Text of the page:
Designing wearables: How to make sense of your material options

The medical device industry’s knowledge base continually evolves regarding what works — and what doesn’t — for wearable applications. Gain insight into some material selection considerations for skin-worn wearable design and development. Deepak Prakash, Vancive Medical Technologies In the dynamic wearables sector, medical device makers are searching for ways to translate their expertise into mobile,

MD&M West: 10 technologies you should know

MD&M West is one of the largest medical device manufacturing events in the world, so it’s easy to get lost on the show floor. Even if you were in Anaheim, Calif., for the event last week, you may have missed a lot. From a new robotics insights display from Rethink Robotics to a disinfectant-resistant plastic

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MD&M West 2018: Medtech supplier innovations you need to know

Updated Feb. 5 More than 20,000 engineers and executives are expected to gather and network for the annual MD&M West – one of the largest annual medical device manufacturing events. The event takes place at the Anaheim Convention Center in Anaheim, Calif., Feb. 6–8, and houses an array of industry suppliers showcasing their latest technologies and manufacturing advancements. Think medical

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CES 2018: Medical technologies you need to know

Updated Jan. 16, 2018 Mobile health devices and wearables have increasingly played a prominent role at the annual CES show in Las Vegas. Health and medical devices touted at CES 2018 sought to improve everything from heart health to posture. Here are 13 companies that exhibited digital health solutions at this year’s show. Next >>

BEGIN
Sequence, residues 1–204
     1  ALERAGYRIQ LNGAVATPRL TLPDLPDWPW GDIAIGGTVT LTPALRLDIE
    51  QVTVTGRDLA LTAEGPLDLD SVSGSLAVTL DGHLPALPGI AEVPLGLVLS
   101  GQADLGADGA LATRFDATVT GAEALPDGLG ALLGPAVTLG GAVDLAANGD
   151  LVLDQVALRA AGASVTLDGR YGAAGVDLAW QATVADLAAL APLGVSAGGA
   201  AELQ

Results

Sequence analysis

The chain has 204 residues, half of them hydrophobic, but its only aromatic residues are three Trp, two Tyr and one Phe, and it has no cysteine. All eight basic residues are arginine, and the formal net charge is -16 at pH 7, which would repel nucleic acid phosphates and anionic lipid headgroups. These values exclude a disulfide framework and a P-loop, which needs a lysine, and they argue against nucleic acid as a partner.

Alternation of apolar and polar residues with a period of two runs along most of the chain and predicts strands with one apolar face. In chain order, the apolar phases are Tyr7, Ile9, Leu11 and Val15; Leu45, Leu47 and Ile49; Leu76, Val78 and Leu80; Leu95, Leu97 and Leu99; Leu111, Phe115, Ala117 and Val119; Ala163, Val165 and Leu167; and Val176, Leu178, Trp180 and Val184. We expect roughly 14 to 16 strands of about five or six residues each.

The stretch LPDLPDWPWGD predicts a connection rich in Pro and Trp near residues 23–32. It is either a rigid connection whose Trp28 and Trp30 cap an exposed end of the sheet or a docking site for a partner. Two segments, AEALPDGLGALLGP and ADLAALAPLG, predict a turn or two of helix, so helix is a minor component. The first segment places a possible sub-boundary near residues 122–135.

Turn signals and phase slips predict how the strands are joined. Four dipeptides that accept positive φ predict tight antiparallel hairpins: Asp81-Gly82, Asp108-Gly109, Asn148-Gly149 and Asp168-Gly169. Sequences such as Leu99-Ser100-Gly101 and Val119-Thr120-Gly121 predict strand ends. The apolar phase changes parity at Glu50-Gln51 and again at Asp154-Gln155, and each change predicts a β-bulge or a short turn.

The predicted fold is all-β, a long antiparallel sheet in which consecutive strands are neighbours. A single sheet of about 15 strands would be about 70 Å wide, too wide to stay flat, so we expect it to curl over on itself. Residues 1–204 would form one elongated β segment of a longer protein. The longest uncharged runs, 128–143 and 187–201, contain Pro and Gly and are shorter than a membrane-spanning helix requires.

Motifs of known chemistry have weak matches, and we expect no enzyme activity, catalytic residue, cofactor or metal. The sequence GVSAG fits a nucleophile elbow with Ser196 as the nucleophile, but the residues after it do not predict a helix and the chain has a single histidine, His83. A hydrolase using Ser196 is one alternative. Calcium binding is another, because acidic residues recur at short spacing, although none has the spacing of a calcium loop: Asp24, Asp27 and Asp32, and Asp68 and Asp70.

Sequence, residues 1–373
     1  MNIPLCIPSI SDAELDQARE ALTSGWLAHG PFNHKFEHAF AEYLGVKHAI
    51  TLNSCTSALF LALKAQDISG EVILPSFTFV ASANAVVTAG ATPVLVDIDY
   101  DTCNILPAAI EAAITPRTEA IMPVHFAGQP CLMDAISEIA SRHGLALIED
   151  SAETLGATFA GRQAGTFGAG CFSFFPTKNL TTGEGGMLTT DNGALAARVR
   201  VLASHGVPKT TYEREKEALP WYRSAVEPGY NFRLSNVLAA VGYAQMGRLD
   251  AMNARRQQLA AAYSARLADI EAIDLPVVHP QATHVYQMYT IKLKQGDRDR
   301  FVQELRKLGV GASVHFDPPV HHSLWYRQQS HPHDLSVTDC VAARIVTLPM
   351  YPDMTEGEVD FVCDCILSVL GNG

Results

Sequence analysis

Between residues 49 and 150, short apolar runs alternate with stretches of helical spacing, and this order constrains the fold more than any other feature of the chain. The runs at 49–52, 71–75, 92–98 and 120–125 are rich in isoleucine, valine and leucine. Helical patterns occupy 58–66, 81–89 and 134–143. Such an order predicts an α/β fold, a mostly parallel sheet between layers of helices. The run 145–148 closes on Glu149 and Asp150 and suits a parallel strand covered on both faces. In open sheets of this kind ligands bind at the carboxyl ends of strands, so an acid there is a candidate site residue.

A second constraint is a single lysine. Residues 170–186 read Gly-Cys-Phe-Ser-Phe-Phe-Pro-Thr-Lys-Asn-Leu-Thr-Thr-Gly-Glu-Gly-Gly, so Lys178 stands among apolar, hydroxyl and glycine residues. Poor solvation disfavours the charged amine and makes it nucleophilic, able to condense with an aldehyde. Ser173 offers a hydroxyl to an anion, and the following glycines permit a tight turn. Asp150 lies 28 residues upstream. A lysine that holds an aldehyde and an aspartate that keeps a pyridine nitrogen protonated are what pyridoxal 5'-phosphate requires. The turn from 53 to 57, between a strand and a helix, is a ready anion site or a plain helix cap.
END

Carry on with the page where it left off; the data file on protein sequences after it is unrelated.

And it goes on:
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Repeat sterilization for adhesives in reusable and non-disposable devices

Here’s a review of the common adhesive materials and their reaction to sterilization processes. Christine Marotta, Henkel Intricate medical devices are often constructed of thermoset and other engineered plastics, which require advanced adhesive technology. In addition to considerations of bonding, sealing, gap filling, and manufacturability, developers need to consider the sterilization plan that all materials, including

6 challenges you need to overcome to create a wearable medical device

Before you start a medical wearable device project, consider the following challenges and suggestions on how to address them. Diana Eitzman and Kris Godbey, 3M Skin is unlike any other substrate. It sweats, grows hair, secretes oil, harbors bacteria, constantly sheds old cells, regenerates new ones and changes with health, environment and age – characteristics

ChemSpec’s to distribute Dispersix adhesives

ChemSpec is now offering Dispersix silicone processing additives following a new distribution deal with Spherix Mineral Products. The recently-announced partnership with Spherix Mineral Products allows ChemSpec to offer medical device manufacturers and suppliers with additives that can improve silicone products. Dispersix is used in high consistency rubber (HCR) silicone cure chemistries. Aluminosilicates are recovered from

Medtronic is closer to VenaSeal coverage: Here’s how